Liberia seems to be getting Ebola under control. Large numbers of new cases are only found in Grand Cape Mount County, bordering Sierra Leone. In the capital city of Monrovia, with its 1.2 million inhabitants, there are a few suspected new cases every day.
Schools are expected to reopen on 2 February. Even football may resume in a few weeks.
The danger is that people relax their guard or revert to more risky behaviour.
It’s true that in every shop, hotel or office building you enter, you have to wash your hands with chlorine and your temperature is taken with a thermo-gun.
In a culture where handshaking was frequent and elaborate, it doesn’t happen anymore. But slowly things are going back to normal.
2014 was a terrible year for Liberia. Everyone has a horror story. Whole families were eradicated. The Catholic hospital here in Monrovia lost most of its health staff and management. They didn’t run away; they are dead.
The Catholic hospital was closed, but with the help of the American Caritas organisation CRS, they are trying to restart–training the remaining and newly recruited staff, then reopening the maternity ward.
On 2 January the Dutch Naval vessel Karel Doorman arrived in the port of Monrovia. On board among other things were 15 metric tonnes of aid items from Cordaid (Caritas Netherlands) and a pickup truck destined for Caritas Liberia.
Caritas Liberia, with support of Cordaid and other European Caritas members, is going to bring its Ebola prevention efforts to the most remote rural areas in Liberia. Quarantined families will receive food support and trauma support.
Stigma is a problem: people treated in an Ebola Treatment Unit and certified to be fully recovered have been rejected by family and community. One man survived Ebola yet still decided to take his own life. In places where fear and ignorance have the upper hand, the Church is in a good position to offer support and guidance.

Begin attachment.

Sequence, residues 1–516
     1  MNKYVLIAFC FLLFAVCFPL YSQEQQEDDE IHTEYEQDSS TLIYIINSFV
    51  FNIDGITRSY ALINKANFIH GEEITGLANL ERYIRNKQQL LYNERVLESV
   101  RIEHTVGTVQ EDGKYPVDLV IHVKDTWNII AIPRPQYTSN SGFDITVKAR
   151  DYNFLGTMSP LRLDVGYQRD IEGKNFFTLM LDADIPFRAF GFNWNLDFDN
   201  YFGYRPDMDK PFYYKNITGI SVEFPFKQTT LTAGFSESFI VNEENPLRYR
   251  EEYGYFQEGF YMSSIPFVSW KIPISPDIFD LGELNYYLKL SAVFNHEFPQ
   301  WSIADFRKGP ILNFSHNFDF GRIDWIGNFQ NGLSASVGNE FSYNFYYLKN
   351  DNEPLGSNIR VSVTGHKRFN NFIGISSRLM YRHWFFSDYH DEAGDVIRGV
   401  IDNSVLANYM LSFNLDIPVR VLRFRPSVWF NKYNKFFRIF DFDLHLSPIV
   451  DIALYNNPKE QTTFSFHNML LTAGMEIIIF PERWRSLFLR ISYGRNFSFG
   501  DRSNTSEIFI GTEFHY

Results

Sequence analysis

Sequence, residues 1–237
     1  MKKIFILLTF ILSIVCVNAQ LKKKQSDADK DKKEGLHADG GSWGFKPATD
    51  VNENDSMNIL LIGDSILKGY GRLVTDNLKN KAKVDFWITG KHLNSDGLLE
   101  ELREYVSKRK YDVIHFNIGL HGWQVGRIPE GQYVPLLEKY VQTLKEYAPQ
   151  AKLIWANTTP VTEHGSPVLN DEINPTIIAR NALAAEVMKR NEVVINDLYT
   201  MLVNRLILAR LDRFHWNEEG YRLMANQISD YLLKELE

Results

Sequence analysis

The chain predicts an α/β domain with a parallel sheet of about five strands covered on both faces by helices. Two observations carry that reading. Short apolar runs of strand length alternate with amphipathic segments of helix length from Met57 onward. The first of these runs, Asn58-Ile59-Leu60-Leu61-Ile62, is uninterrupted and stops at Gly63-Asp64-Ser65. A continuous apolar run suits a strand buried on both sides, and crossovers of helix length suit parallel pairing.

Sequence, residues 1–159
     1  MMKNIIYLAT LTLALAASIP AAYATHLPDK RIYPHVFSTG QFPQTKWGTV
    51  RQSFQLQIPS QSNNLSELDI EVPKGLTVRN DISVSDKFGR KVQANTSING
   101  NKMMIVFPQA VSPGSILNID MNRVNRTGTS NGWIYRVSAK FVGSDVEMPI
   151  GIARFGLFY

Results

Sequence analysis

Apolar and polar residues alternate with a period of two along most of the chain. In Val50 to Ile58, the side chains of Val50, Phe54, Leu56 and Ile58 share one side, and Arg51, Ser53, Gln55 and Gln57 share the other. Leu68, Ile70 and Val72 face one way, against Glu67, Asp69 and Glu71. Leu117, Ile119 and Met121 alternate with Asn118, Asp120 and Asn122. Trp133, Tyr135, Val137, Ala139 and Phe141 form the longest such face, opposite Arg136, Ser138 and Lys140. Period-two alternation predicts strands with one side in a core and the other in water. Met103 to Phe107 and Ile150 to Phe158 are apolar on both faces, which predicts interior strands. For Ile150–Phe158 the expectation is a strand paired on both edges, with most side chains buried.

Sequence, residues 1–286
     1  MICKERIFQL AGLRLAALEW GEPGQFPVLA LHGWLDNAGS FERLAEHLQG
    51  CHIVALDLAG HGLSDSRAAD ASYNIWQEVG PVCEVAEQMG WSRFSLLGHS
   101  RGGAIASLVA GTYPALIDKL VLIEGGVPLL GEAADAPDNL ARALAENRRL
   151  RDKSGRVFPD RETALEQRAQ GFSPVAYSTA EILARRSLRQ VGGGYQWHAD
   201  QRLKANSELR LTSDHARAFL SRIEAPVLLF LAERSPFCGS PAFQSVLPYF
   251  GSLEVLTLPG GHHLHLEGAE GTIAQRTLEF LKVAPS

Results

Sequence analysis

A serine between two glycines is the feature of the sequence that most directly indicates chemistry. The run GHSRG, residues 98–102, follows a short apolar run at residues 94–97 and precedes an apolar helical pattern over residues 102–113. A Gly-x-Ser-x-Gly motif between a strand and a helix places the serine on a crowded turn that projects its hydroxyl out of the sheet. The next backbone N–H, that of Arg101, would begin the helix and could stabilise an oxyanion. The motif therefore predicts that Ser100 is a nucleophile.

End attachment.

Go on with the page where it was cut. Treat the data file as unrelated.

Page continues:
The next challenge will be the reopening of the schools. The president ordered the schools closed in June. Children and teachers have been sitting home for more than half a year now.
Public schools have been paying their teachers, but private schools, including Catholic schools, are dependent on school fees which have not been forthcoming. They have not been able to pay teachers’ salaries. Like half of the salaried labour force, they have been sitting home without any income for over half a year. The question remains: when the schools reopen, who will still money to pay the school fees?
Ebola struck during the planting season, hitting the bread basket of Liberia. Much of the land remained uncultivated. People were too scared to come together to work the land, while the crucial time before the coming of the rains passed by.
Now is the harvest season, but there is nothing to harvest. Food prices in the markets are increasing almost every day. There have been no major riots lately, but when hunger hits, the peace may melt away.